What bass species are discussed?

Micropterus salmoides

Description - Largemouth are usually green with dark blotches that form a horizontal stripe (lateral line) along the middle of the fish on either side. The underside ranges in color from light green to almost white. The dorsal fin is almost divided with the anterior portion containing 9 spines, and the posterior portion containing 12-13 soft rays. Largemouth bass may be distinguished from other black basses in that the upper jaw reaches far beyond the rear margin of the eye. Micropterus is Greek, meaning small fin. Salmoides is from the Greek salmo meaning trout and refers to the fact that largemouth bass have been called trout in some southern states.

Distribution - Smallmouth because of transplanting can now be found in most of the United States, Mexico, South America, Southern Canada, South Africa, Europe and Japan.

Biology - Spawning begins in the spring when water temperatures reach about 60°F.  Largemouth bass prefer to nest in quiet, more vegetated water than other black bass, but will use any substrate besides soft mud, including submerged logs. Nests are usually built in two to eight feet of water. Once the female has laid eggs in the nest (2,000 to 43,000) she is chased away by the male who then guards the precious eggs. The young, called fry, hatch in five to ten days and remain in a school. Male largemouth bass continue to guard their fry for several days after hatching. Fry feed primarily on zooplankton and insect larvae. At about two inches in length they become active predators. Adults feed almost exclusively on other fish and large invertebrates such as crayfish, but have been know to feed on snakes, ducks, and rodents.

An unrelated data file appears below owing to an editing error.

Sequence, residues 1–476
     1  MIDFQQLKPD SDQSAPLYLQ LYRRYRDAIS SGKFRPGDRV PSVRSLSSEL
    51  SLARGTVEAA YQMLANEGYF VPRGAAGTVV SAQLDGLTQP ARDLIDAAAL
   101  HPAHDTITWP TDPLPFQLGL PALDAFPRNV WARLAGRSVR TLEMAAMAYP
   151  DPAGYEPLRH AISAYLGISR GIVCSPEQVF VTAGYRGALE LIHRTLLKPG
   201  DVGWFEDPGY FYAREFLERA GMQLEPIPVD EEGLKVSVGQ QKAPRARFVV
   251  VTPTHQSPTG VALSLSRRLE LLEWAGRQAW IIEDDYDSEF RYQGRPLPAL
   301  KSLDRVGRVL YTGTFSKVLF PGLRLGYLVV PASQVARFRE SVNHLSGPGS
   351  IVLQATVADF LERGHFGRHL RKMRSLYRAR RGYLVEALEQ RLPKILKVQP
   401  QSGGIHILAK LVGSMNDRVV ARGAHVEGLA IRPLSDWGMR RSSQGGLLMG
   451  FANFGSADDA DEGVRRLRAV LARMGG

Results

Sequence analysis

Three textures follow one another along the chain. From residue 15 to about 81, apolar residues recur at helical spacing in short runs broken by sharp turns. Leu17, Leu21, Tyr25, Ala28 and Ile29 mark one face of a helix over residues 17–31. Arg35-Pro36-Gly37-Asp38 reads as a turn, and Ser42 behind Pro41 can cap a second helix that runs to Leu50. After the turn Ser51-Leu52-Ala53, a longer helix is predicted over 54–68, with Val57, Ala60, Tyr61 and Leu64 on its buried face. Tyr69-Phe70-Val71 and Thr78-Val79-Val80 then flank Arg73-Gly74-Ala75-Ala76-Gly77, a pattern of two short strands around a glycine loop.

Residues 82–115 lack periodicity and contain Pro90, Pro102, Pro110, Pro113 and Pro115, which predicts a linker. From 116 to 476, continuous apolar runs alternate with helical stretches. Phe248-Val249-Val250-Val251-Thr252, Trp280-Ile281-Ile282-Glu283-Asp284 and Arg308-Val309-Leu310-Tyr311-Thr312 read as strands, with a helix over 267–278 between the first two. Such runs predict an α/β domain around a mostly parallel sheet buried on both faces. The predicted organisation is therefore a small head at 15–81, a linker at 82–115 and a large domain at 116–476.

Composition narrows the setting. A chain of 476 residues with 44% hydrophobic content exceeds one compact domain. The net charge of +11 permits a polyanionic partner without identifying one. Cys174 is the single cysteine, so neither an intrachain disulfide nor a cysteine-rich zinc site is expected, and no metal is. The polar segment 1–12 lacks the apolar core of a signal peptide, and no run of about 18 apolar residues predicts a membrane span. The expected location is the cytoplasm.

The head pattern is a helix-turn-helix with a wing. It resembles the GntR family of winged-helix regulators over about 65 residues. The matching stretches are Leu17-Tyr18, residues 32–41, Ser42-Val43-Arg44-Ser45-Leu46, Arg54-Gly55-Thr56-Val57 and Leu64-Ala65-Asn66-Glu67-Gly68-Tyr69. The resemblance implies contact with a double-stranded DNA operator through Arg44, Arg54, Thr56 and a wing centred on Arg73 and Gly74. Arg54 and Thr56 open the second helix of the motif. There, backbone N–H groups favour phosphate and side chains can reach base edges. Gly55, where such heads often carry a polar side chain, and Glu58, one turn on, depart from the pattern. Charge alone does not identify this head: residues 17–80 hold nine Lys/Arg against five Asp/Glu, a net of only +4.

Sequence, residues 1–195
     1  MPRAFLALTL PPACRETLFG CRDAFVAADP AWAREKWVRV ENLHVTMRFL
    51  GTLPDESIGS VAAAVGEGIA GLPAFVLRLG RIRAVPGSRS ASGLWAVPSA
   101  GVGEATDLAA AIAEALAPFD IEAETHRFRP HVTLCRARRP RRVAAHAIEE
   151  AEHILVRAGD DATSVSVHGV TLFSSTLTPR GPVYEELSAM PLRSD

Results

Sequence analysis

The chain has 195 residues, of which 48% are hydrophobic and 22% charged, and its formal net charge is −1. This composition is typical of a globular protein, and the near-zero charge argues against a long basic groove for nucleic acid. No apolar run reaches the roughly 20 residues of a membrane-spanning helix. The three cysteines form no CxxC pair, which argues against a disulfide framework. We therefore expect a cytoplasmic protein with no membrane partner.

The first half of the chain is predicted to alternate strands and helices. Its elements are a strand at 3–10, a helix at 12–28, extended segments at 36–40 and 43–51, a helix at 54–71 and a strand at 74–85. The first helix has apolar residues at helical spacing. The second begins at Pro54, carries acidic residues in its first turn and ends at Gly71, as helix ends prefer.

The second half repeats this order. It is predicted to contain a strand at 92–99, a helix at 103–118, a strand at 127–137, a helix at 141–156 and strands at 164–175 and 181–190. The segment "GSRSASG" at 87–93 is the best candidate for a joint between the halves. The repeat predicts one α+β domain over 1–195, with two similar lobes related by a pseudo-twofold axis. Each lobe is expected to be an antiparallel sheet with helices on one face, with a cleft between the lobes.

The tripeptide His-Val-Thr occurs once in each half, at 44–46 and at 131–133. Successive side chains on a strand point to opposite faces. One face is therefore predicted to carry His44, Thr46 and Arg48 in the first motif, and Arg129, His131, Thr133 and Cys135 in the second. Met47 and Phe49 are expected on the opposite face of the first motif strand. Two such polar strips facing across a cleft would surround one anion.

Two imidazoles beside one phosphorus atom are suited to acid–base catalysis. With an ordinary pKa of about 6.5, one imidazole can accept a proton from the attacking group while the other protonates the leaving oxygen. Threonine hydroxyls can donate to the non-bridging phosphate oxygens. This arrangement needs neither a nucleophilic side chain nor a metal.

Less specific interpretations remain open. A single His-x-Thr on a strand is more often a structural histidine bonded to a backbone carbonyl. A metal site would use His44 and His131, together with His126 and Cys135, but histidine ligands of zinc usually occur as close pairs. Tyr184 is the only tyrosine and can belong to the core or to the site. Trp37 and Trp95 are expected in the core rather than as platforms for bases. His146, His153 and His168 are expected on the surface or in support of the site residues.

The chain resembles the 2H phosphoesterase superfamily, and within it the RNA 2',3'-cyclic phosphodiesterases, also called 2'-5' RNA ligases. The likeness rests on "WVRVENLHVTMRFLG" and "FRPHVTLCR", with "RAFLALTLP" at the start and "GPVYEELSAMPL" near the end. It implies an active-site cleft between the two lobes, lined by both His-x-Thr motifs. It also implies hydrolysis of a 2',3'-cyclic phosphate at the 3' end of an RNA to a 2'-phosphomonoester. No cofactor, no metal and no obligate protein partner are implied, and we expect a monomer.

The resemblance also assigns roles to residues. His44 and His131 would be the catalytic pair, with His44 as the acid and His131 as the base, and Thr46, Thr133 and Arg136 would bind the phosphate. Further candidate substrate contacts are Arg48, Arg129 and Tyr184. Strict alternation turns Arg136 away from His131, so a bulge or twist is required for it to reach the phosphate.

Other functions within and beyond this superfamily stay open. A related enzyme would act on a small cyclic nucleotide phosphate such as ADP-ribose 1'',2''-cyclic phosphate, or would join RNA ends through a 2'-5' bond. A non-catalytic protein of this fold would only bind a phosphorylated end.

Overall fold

Micropterus dolomieui

Description - A moderately large fish that at maturity range in size from 15-23 inches long.  The smallmouth coloring varies from brown or bronze with dark vertical bars to an olive green with golden flecks depending on the habitat and water conditions.

Distribution - Smallmouth because of transplanting can now be found in most of the United States, Southern Canada, South Africa, Sweden, Belgium, and other scatter pockets in Europe and Japan.

Biology - The smallmouth bass spawns over a period of 6-10 days in the late spring to early summer. The male builds a nest and the female lays approximately 7000 eggs per pound of fish. The maximum age is usually 15 years. Food includes insects, crayfish and fishes

Micropterus punctulatus

Description - Micropterus is Greek, meaning small fin. The species epithet punctulatus, Latin for dotted, refers to rows of dark spots on the lower sides. Coloration is similar to that of Largemouth bass, but does not extend as low on the body.

Distribution - Spotted bass are distributed throughout the Ohio River basin as well as the central and lower Mississippi River basin. The species may be found in Gulf coast states from Texas east to Florida.

Biology - Spotted bass have been considered intermediate between largemouth and smallmouth bass. They seem to be segregated from largemouth and smallmouth bass by habitat type. Spotted bass tend to be found in areas with more current than largemouth bass. However, they usually inhabit areas that are too warm, turbid, and sluggish for smallmouth bass. In general, although a large proportion reach maturity within a year, spotted bass found in spawning areas are usually three to four years old. Rock or gravel are usually chosen as suitable spawning areas at water temperatures of 57-74°F. Nest depths may vary widely. Females may lay between 1,150 and 47,000 eggs. Males guard the eggs during incubation, and for up to four weeks after they have hatched. As young fish grow their diet shifts from zooplankton, to insects, and finally to fish and crayfish.